6. Can only Buddhists realize their primordial state? If not, then what is the underlying “thing” that causes non-Buddhists to realize their primordial state as well?
According to Buddhism, probably yes, so no need to answer the second bit.
7. On that note, please define each term: rigpa, primordial state, emptiness, (lineage) transmission, ego death, and contemplation.
As far as I know rigpa is synonymous with "primordial state", emptiness is shunyata at the level of the Mahayana teachings and describes the lack of inherent existence of phenomena, ego death is not a Buddhist term, and sounds like something from online neo-advaita. Contemplation is the practice of stabilizing, removing doubt around, and resting in the primordial state.
8. What would cause transmission not to “take” for an individual?
Obscurations and obstacles of body, speech and mind I suspect.
9. Can recreational drugs cause you to realize your primordial state and/or emptiness?
I imagine some teachers could use them to point it out to a student, but no, the drug does nothing special.
10. Are experiences less “reliable” or “legitimate” from drug induced states than from meditative practices?
Probably depends entirely on context, but if one is using drugs all the time then I imagine the "stabilizing" part of practice will likely be out of reach.
11. Can siddhis be “activated” from recreational drug use, or even sex?
Just from those things? C'mon man...the answer is pretty self evident, no.
12. If you don’t have siddhis, does that mean you are doing something “wrong” with your practice or just in your life in general?
From sex and drugs? It just means you are doing drugs and screwing.

16. Let’s end this one a fun one! Because I just got done watching THE CHILLING ADVENTURES OF SABRINA, I have to ask this whacky “dualistic” themed question: Let’s say for a moment that Satan is a real being, as is the Christian God. Would it be safe to assume that both beings, not just God, have realized their primordial state, but they just lean more towards one end of the duality spectrum? My underlying question therewithin: is it safe to assume that realizing your primordial state means that you have fully integrated everything, and you no longer lean to one side or the other of any type of duality? Or does being nondualistic ALSO mean that you can STILL have duality and be “God” or “Satan,” etc.? OOoooorrrrrr… are God and Satan not truly enlightened beings, but rather just some alien devas / asuras and, sadly, haven’t realized their primordial nature and just cause lots of wars and stuff because of it?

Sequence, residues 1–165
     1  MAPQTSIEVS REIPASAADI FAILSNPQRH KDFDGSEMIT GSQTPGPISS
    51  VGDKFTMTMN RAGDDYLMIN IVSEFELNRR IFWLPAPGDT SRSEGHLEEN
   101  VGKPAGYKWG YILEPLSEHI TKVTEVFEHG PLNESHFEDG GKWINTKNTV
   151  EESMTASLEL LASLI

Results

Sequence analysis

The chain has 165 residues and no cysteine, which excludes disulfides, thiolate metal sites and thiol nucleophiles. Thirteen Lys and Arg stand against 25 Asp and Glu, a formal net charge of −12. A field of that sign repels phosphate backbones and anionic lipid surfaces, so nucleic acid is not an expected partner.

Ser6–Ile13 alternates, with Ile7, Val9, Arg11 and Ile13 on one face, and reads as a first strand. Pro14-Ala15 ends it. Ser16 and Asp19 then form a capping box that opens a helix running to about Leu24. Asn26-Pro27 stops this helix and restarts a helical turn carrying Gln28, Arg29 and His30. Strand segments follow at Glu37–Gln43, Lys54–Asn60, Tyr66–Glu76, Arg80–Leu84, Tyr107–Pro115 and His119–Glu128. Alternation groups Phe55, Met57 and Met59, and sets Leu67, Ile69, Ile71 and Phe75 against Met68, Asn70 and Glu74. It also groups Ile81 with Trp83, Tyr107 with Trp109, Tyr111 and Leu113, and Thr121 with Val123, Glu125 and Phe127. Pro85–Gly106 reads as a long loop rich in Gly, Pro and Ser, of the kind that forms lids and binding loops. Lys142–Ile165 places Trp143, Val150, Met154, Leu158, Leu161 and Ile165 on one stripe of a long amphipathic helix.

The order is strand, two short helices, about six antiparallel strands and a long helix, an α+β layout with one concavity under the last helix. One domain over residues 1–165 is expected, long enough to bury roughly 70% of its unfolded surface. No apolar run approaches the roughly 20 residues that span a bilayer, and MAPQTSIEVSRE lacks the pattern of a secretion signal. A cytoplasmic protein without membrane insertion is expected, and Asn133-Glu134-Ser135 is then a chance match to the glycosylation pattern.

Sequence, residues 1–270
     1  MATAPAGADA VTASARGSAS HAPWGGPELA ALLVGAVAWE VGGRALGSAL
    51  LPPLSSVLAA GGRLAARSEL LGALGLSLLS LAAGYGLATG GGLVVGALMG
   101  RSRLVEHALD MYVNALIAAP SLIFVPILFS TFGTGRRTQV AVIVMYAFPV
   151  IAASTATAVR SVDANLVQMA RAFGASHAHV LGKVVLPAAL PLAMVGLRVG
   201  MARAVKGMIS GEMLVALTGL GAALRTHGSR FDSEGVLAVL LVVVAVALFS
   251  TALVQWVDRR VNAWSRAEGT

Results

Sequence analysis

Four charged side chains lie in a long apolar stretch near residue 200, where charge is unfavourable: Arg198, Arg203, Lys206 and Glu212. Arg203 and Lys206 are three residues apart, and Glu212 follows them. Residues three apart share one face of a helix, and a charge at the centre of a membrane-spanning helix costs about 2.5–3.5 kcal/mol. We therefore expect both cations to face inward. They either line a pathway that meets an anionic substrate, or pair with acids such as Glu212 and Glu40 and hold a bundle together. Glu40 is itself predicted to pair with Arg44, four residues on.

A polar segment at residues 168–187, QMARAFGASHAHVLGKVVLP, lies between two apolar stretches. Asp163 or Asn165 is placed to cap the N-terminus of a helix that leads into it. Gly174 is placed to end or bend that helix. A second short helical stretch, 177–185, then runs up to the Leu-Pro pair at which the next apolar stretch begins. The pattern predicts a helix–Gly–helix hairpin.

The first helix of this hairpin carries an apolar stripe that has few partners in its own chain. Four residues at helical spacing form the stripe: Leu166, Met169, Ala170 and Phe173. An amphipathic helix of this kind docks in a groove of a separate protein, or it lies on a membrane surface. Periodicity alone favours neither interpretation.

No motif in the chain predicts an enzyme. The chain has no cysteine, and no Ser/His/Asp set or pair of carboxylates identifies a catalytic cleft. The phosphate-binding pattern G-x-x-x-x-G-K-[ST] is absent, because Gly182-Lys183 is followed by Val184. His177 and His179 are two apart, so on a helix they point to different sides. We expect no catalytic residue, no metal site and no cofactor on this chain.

This is so outside the context and worldview of Dzogchen it is impossible to answer I think.
Don’t you see what’s wrong with the world today? Oh Everybody wants somebody to be their own piece of clay.

-Marvin Gaye
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Kurp
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Re: Questions

Post by Kurp »

Johnny Dangerous wrote: Thu Jul 08, 2021 2:00 am I'll do my best for the heck of it, butI could be off on any of these. It's best to get definitive answers from a Dzogchen teacher or subject matter expert.

1. Is there a difference between “compassion” and “bodhicitta?” If so, please define each term.
Compassion is the wish that others be free from suffering and the causes of suffering, Bodhicitta is the wish to attain enlightenment for all sentient beings, but is a very layered term in Buddhism and should be studied specifically in a Dzogchen context if that is your interest, preferably with the help of a structured lineage(s), teacher)s), etc.
2. Is it rare for a being to realize / recognize their Buddha nature (i.e. primordial state)? Or does the rarity lie more so within trying to stabilize it?
Probably rare on the larger level, because the number of people practicing Dharma is reasonably small in terms of "all beings", and even smaller for Dzogchen.
3. When you are acting within your primordial state, do all concepts go out the window— even concepts like bodhicitta?
They are just expressions or play of the primordial state.
4. Why would some beings not want you to realize your own primordial state by creating obstacles for you? Or are these obstacles just a projection of one’s own mind that is resisting an ego death?
No idea, and ego death is not a Buddhist or Dzogchen term that I have ever heard.
5. Is it even possible for a being who has realized their own primordial state to wish for you to not realize your own primordial state?
Pretty sure the answer is no, see Bodhicitta of the Mahayana variety, which is a prerequisite for Dzogchen.
6. Can only Buddhists realize their primordial state? If not, then what is the underlying “thing” that causes non-Buddhists to realize their primordial state as well?